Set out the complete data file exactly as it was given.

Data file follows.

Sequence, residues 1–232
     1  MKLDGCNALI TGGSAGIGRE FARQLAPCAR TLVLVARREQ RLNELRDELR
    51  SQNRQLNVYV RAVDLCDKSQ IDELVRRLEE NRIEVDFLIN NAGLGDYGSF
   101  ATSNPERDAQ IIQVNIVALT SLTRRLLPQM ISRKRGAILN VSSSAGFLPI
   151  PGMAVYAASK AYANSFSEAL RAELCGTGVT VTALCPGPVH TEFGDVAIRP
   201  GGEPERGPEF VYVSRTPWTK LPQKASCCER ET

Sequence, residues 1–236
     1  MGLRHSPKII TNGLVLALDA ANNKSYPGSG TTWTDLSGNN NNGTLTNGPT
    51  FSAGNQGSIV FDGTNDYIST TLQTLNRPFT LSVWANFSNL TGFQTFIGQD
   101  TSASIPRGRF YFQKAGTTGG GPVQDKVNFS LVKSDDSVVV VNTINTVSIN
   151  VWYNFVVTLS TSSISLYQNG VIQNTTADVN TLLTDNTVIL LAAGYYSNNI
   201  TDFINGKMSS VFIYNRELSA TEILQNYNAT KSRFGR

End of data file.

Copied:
Sequence, residues 1–232
     1  MKLDGCNALI TGGSAGIGRE FARQLAPCAR TLVLVARREQ RLNELRDELR
    51  SQNRQLNVYV RAVDLCDKSQ IDELVRRLEE NRIEVDFLIN NAGLGDYGSF
   101  ATSNPERDAQ IIQVNIVALT SLTRRLLPQM ISRKRGAILN VSSSAGFLPI
   151  PGMAVYAASK AYANSFSEAL RAELCGTGVT VTALCPGPVH TEFGDVAIRP
   201  GGEPERGPEF VYVSRTPWTK LPQKASCCER ET

Sequence, residues 1–236
     1  MGLRHSPKII TNGLVLALDA ANNKSYPGSG TTWTDLSGNN NNGTLTNGPT
    51  FSAGNQGSIV FDGTNDYIST TLQTLNRPFT LSVWANFSNL TGFQTFIGQD
   101  TSASIPRGRF YFQKAGTTGG GPVQDKVNFS LVKSDDSVVV VNTINTVSIN
   151  VWYNFVVTLS TSSISLYQNG VIQNTTADVN TLLTDNTVIL LAAGYYSNNI
   201  TDFINGKMSS VFIYNRELSA TEILQNYNAT KSRFGR